NHS Hero

What (or who) inspired you to pursue a career in the NHS?
According to my neighbours, who knew me as a child, I was very clear that when I grew up I was going to be a nurse. I spent a lot of time walking around in a nurse’s uniform, so I suspect it’s in my blood. 

How did your role change, or what new skills did you need to learn as part of the COVID-19 outbreak?


Our leadership roles have become much more strategic during COVID-19. We saw the pandemic spreading westwards in mid-January and immediately started planning and preparing the estate, the staff and our strategy. Our priority was always ensuring our staff were prepared and protected, and ensuring we had adequate capacity, equipment and consumables for our patients. Ultimately, we expanded our ICU capacity over 3.5-fold, with plans to expand it over 5-fold if needed. Extracting and filtering relevant information from the explosion of meetings, emails, and bulletins was a huge challenge. However it was vital to do so as it allowed us to stay ahead of the challenges of this pandemic: ensuring adequate staffing, modelling likely patient numbers, supply issues, reconfiguring the estate, ensuring our oxygen supply would meet the demand, finding alternatives to the national shortages of drugs, consumables and equipment, liaising with the estates, procurement and projects teams as a new 13 bedded negative pressure ICU was built in 42 days, all on top of a full time clinical job.

 

We were also learning the whole time too – this was a disease unlike anything we had seen before in intensive care and we had to translate this learning into a clear and consistent clinical strategy to ensure consistency amongst our team when caring for our patients. 

Working long hours, performing high risk procedures and communicating in PPE, as well as working in the theatre environment, which we adapted for ICU use, has also been tough for all our staff. We have all learned to deal with this thanks to the humility, determination and good nature of the people we work with on ICU. Finally, we have had to adapt our strategic planning as the hospital both tries to catch up with surgery which requires the support of ICU, and prepares itself for what may come next.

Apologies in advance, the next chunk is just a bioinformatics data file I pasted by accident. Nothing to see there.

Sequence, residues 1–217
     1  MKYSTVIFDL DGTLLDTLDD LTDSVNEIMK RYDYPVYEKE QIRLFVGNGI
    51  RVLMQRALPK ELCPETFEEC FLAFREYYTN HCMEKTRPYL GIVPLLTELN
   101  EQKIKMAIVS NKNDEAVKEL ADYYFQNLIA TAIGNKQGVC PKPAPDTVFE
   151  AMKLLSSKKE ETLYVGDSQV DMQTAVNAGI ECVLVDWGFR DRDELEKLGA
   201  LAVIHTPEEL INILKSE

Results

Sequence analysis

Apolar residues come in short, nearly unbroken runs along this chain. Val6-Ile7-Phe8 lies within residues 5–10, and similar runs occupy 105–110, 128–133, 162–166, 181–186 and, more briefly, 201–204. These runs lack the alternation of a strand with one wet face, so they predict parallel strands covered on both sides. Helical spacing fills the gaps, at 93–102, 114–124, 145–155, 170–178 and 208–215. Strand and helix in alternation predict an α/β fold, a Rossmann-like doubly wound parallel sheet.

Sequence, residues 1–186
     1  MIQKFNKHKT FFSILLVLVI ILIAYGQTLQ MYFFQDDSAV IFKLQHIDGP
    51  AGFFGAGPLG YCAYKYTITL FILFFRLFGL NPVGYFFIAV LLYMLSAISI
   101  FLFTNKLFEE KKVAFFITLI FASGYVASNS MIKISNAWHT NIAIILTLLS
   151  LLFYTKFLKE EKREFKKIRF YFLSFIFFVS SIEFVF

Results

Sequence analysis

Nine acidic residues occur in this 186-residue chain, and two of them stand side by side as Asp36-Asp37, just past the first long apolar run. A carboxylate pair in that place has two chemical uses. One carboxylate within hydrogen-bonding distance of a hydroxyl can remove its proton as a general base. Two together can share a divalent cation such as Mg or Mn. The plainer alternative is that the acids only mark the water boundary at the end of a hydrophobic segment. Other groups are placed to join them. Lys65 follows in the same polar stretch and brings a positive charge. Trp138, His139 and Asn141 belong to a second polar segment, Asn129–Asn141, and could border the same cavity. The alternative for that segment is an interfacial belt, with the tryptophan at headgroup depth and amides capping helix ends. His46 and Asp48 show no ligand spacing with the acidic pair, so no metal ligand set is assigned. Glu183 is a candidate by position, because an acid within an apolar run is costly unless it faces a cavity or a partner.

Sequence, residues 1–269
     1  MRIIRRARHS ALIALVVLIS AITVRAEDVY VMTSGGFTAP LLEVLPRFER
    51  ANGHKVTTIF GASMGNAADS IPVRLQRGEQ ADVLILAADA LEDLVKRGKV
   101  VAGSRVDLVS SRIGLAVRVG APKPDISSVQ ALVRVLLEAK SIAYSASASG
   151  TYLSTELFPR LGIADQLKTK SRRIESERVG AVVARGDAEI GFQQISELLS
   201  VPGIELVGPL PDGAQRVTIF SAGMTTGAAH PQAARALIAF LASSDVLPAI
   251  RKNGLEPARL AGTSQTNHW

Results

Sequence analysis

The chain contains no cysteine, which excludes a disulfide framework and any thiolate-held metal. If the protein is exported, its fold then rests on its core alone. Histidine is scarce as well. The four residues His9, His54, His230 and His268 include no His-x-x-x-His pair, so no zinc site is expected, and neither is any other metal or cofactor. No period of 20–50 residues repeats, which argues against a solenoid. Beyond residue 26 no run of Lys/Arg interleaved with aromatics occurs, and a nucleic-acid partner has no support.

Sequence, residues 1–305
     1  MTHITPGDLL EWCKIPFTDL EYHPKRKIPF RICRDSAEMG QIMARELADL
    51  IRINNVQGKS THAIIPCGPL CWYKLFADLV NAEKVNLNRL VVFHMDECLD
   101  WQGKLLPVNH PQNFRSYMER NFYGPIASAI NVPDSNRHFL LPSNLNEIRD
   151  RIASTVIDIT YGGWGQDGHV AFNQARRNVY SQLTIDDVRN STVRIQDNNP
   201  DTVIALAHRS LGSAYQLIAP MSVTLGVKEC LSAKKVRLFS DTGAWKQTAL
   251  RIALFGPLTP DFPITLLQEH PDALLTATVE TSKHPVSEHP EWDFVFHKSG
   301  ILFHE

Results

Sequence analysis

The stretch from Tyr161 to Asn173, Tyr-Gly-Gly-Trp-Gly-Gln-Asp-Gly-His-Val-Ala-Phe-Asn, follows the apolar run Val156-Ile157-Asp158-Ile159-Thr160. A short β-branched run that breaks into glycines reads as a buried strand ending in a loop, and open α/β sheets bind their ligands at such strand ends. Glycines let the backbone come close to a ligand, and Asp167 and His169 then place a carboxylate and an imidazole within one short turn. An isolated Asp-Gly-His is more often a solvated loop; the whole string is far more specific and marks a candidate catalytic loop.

What did you think of the 'Clap for Carers'?
It made us both feel proud, emotional, humbled and slightly awkward. Our jobs give us a unique opportunity to intervene in the lives of those who are at the edges or fringes of their lives, and, in most cases, turn that trajectory around. This is intensive care. It is an area of medicine that most people have no concept of, and (thankfully) no experience of. So to see the spotlight shone on what is in many ways the job we have been doing for many years and see it appreciated in such a public way, was a very moving experience. ts is a very rewarding experience. 

NHS Hero: Margi Jenkins 

Matron, Intensive Care and Outreach in Bath

Can you tell us a little bit about your role and how long you have been part of the NHS?

I have worked in the NHS for 35 years, in several roles, all based around intensive care nursing in Southmead, UH Bristol and the RUH. I also co-led the set-up of a cardiac surgery unit in Trinidad in 1995. I have been the matron for ICU in Bath since 2019.  

As the clinical leadership team for intensive care, we are responsible for the estate, staff, training, equipment, consumables and processes on the ICU in Bath. Whilst delivering intensive care requires every single individual within our team, ultimately we are responsible for the quality of care, safety, and patient outcomes. Leading the ICU and representing our unit within the hospital and the intensive care network requires time, hard work and dedication, but driving the evolution and adaptation of the unit to the needs of our patients is a very rewarding experience. 

After the pandemic, what are you most looking forward to doing again?
I want to pick up a number of projects which were deprioritised as the pandemic hit, for example creating an outside space to allow our patients to experience fresh air and sunshine. Away from work, I want to spend more time with my family (I missed the lockdown experience; they seemed to have lots of fun and look back with fond memories over that period). I miss being able to see and experience live music – I had several events booked for this year including Shamabla and Glastonbury They are minor things, but important for work life balance and well-being!

What, if anything, do you think we may have learned about ourselves from the pandemic?
COVID-19 has reminded me that we make an incredible team here at the RUH, both inside and outside of ICU. It has amazed me; the determination and resilience shown by so many staff, trying their hardest, going into the unknown during a global pandemic, all the time caring for our patients with kindness and compassion, in the same way that we would care for our own families. It has been a truly remarkable insight into humanity.


What aspects of your life will you embrace more of, or worry less about, after having been at the rock face during the virus?

Working in critical care, for so many years we witness the fine line between life and death, as a result I’ve always embraced living life to the full. COVID has just reaffirmed that – but it’s more about enjoying the simple things in life – long dog walks and exploring the wonderful place we live in.